When comparing the intensivists group to the control group, we found significant differences in the medical department and the main cause of ICU admission. Neurological disorders were the most common cause of ICU admission in the intensivist group. This finding may be related to the fact that neurosurgery is the department in which intensivists are most frequently consulted. In addition, there was a significant difference between the two groups with regard to the medical department, which may have been influenced by the adoption of an open ICU model in the hospital where the study was performed. Intensivists in this hospital do not manage all patients admitted to the ICU. Instead, they participate in the care of patients for whom they are consulted by the attending physicians. Therefore, there appears to be a difference in the departments that frequently refer to intensivists and those that do not do so frequently depending on the tendency of each physician. Although there were differences between the two groups with regard to the medical departments, reason for ICU admission, and type of LST performed, we found that the intensivists group tended to withdraw LST rather than withhold LST compared to the control group.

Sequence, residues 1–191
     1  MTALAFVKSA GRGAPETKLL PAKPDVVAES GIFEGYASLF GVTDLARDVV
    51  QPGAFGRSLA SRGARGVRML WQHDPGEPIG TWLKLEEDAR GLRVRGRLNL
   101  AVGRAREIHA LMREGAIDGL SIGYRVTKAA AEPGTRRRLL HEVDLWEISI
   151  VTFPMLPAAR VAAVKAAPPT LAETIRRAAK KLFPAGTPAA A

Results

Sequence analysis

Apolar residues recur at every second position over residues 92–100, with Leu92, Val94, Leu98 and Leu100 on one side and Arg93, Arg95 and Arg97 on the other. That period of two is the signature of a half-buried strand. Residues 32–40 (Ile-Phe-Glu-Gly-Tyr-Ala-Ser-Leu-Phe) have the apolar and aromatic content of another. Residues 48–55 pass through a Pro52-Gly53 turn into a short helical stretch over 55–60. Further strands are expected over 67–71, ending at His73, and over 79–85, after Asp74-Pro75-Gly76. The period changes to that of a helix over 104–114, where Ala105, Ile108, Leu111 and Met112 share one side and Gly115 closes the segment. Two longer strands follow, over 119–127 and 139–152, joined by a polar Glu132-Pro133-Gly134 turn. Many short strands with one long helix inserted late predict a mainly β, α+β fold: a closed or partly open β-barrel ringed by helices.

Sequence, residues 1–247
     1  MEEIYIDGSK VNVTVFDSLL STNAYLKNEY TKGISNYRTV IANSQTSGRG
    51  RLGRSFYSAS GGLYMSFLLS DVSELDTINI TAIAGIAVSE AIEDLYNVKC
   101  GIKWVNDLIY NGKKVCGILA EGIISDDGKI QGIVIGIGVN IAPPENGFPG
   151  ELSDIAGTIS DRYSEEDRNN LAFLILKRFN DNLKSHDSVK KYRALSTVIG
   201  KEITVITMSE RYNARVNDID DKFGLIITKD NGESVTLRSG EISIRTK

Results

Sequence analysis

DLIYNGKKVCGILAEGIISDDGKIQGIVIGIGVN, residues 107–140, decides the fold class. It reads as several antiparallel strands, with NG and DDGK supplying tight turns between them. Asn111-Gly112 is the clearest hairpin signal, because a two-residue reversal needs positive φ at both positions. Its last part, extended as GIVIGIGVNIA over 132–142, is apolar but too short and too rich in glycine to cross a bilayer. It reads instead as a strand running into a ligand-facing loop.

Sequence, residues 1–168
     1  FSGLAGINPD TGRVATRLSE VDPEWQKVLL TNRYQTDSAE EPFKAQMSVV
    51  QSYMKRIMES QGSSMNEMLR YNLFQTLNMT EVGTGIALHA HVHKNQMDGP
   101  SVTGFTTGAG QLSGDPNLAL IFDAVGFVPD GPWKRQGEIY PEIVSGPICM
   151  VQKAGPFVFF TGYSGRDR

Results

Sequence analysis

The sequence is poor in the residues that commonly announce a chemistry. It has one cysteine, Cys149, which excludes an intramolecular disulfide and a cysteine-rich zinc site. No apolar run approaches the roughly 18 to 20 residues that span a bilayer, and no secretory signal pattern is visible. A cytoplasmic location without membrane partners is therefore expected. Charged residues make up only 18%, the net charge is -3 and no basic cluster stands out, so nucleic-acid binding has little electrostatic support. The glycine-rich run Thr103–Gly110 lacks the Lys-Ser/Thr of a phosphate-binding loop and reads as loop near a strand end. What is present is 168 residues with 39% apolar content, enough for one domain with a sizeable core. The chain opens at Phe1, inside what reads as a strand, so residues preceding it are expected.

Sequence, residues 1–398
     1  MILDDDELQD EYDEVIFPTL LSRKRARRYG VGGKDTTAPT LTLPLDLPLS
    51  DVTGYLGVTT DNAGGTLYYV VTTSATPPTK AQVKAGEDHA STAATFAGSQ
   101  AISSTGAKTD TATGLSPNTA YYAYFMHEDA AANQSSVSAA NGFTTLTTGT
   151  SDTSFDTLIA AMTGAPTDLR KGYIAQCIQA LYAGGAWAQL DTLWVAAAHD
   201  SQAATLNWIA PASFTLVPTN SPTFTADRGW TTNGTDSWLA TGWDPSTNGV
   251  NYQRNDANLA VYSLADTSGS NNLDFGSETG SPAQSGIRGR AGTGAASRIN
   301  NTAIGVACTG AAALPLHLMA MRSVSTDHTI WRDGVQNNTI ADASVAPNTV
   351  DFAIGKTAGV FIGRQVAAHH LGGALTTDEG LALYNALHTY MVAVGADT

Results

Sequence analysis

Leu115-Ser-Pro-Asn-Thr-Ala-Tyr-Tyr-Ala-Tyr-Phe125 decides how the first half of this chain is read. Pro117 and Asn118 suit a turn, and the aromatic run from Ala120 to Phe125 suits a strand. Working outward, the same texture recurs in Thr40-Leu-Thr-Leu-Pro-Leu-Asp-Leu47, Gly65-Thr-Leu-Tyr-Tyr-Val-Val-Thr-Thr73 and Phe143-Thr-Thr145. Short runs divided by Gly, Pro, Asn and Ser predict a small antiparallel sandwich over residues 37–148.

In Asia, there is a weaker tendency toward LSTW for terminal ICU patients relative to that observed in the United States and Europe [12-14]. Moreover, Korea shows a stronger tendency toward active LST relative to that of other Asian countries for the same type of terminal patients (i.e., hypoxic-ischemic encephalopathy resulting from septic shock). In addition, Korea showed a tendency to withhold, but not withdraw, LST, even for patients who have “no chance of recovery to a meaningful life” [12]. This tendency may be attributable to many factors, such as religion, social culture, and the absence of a legal system [12,14,15].